Louisiana bans banking giant from making bond deal over gun policy
BATON ROUGE, Louisiana (AP) – Officials in Louisiana on Thursday barred banking giant JP Morgan Chase from participating in a bond refinancing deal, amid growing Republicans’ efforts to keep some large investment firms in the state labor gap as they limit business with gun manufacturers.
The State Bond Commission unanimously chose Wells Fargo to refinance the $ 700 million loan debt to get the state a better interest rate and lower cost of repayment, the company financial services collecting fees on the job.
JP Morgan Chase and Co. initially offered a better deal. But Treasurer John Schroder and Attorney General Jeff Landry – both members of the Bond Commission – have raised objections due to the company’s gun policy.
“I am not selling our 2nd Amendment rights to American companies,” said Schroder, a Republican who is considering a possible 2023 gubernatorial candidacy and chairman of the committee.
JP Morgan CEO Jamie Dimon told Congress that the investment banker does not deal with manufacturers of “military style weapons for civilian use.” But the company said its customers can use JP Morgan’s financial products to purchase these types of weapons.
Although the administration of Democratic Gov. John Bel Edwards agreed to choose Wells Fargo for the refinancing job, the governor’s senior lawyer, Matthew Block, said it was bad policy to disqualify JP Morgan for a private business decision. unrelated to work in Louisiana.
Refinancing gasoline and fuel tax obligations is expected to save the state approximately $ 40 million. According to Lela Folse, director of the Bond Commission, Wells Fargo lowered its fee rate to match what JP Morgan was proposing, so the deal won’t cost more by choosing one over the other.
But Block said sidelining JP Morgan and two other of the nation’s biggest banks in earlier funding deals would reduce competition for such work in future deals and could cost the country more money. ‘State because fewer investment firms will compete.
“We’re telling the world … three of the biggest banks lend us money at a good interest rate, we don’t want to do business with them. What we’re going to end up with is the savings and the loan of Joe who will be the one we have to deal with at the end of this, âBlock said.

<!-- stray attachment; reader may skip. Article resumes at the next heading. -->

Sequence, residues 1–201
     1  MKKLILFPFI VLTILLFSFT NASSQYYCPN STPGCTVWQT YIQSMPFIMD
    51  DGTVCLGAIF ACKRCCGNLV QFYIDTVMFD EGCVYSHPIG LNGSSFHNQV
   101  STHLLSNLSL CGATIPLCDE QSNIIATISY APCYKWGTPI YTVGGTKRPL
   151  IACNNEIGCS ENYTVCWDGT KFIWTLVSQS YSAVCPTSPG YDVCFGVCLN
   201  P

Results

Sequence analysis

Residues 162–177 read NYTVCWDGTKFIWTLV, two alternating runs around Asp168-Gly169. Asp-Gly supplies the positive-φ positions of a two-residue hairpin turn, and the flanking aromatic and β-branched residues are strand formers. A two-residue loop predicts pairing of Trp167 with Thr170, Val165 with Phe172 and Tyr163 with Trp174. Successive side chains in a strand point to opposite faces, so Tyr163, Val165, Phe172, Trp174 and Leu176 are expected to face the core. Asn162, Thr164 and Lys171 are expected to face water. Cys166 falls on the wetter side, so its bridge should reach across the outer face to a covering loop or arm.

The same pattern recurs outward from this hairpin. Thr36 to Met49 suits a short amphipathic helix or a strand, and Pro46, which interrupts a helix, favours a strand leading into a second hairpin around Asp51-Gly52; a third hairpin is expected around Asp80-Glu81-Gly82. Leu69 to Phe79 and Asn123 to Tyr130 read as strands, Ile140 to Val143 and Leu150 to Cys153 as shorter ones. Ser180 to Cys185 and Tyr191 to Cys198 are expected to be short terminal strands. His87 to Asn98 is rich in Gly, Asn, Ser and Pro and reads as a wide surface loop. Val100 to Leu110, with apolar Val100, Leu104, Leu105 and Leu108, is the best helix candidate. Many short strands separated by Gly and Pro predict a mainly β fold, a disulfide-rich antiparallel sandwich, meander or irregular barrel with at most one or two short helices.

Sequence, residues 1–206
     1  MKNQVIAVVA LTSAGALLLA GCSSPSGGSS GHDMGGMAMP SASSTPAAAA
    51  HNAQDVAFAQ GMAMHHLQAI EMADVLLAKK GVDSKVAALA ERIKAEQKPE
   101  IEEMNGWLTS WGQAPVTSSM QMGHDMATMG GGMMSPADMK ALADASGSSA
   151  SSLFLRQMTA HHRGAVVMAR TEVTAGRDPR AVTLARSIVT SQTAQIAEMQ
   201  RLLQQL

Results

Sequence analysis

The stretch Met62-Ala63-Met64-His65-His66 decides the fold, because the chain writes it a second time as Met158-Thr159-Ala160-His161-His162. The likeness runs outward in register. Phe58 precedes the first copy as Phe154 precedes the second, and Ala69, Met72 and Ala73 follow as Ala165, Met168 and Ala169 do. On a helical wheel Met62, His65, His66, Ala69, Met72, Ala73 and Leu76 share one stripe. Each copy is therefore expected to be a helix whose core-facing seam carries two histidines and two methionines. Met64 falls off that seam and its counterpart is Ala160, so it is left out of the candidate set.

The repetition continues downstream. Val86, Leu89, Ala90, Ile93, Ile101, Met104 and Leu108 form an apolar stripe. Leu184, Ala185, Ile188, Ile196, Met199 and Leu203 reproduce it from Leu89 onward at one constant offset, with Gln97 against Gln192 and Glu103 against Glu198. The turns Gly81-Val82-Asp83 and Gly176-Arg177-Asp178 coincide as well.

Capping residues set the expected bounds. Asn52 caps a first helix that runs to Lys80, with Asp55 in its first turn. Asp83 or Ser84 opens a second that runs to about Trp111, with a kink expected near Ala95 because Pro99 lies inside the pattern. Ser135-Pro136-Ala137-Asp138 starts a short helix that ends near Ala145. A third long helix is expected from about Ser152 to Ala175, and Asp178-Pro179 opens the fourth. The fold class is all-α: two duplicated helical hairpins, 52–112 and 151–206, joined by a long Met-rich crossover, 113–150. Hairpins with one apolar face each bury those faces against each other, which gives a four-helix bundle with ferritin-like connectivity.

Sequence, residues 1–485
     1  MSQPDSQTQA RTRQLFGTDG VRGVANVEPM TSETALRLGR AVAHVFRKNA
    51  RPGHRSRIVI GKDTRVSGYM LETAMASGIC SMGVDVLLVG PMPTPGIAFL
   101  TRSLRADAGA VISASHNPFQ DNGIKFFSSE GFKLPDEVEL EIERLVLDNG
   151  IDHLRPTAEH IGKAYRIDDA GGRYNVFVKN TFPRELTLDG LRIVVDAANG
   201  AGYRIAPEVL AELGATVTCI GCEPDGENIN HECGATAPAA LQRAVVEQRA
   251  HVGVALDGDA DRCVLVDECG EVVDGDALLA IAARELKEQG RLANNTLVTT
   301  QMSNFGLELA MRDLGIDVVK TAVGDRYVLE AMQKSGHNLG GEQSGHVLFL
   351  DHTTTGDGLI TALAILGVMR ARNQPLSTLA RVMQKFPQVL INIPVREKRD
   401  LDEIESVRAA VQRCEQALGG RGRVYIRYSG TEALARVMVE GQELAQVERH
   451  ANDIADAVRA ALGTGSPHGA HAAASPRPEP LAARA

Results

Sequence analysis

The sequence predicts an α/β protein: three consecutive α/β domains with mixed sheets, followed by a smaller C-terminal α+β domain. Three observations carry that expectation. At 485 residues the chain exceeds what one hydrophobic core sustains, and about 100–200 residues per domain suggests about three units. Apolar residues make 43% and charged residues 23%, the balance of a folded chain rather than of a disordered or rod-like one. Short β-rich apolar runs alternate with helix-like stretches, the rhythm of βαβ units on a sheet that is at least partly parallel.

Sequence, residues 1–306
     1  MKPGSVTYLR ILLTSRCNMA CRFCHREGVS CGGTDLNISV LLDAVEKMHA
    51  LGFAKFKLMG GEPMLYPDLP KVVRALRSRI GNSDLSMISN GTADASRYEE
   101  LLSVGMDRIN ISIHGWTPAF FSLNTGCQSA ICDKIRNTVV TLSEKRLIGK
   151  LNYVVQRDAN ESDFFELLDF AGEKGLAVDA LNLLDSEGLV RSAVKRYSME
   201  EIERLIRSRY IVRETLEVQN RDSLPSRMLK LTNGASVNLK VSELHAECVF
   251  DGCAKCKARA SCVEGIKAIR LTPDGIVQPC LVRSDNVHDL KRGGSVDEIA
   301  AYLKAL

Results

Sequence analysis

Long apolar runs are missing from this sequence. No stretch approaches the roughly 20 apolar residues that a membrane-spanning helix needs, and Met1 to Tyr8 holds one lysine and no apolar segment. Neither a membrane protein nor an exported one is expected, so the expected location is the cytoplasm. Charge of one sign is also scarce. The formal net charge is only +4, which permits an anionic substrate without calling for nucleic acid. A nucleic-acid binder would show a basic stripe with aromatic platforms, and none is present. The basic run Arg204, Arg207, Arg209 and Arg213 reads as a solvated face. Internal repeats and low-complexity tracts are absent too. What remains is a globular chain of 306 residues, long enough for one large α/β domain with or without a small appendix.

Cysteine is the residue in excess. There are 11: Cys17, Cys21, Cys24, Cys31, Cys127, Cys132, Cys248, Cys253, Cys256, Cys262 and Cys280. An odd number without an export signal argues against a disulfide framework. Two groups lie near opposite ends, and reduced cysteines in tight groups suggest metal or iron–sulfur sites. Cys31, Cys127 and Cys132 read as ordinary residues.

âIt will cost us more money in the long run,â he said.
The Bond Commission previously refused to allow Citigroup and Bank of America to work as underwriters on an interstate highway financing deal because they had policies restricting the sale and manufacture of weapons by their customers. commercial.
JP Morgan declined to comment on Thursday’s Bond Commission decision.
Schroder said the three banking giants could still work on competitively-bid Louisiana loan deals, even if they were excluded from other types of financing deals.
He noted that lawmakers passed a bill to prevent companies from also being eligible for bidding contracts because they restrict business with the gun industry, but Edwards opposed his veto the measure. Texas enacted a similar law.
Even though Schroder and Landry were on the same side of the gun issue, part of Thursday’s discussion involved a difficult exchange between the treasurer and the attorney general over how Schroder’s office handled the refinancing work. . Landry is another potential GOP candidate in the race for governor, so the two could be fighting each other in two years.
Landry said his office and others were not kept abreast of some of the behind-the-scenes refinancing conversations. He accused Schroder of not being transparent about the process.
âThese issues are being dealt with in the dark,â the attorney general said.
Schroder took this as complaints against his staff, defended the performance of his workers, and suggested that Landry was largely absent from his role on the Bond Commission, spreading grievances on social media rather than speaking with officials. involved.
âDon’t come here and shoot the staff,â Schroder told Landry.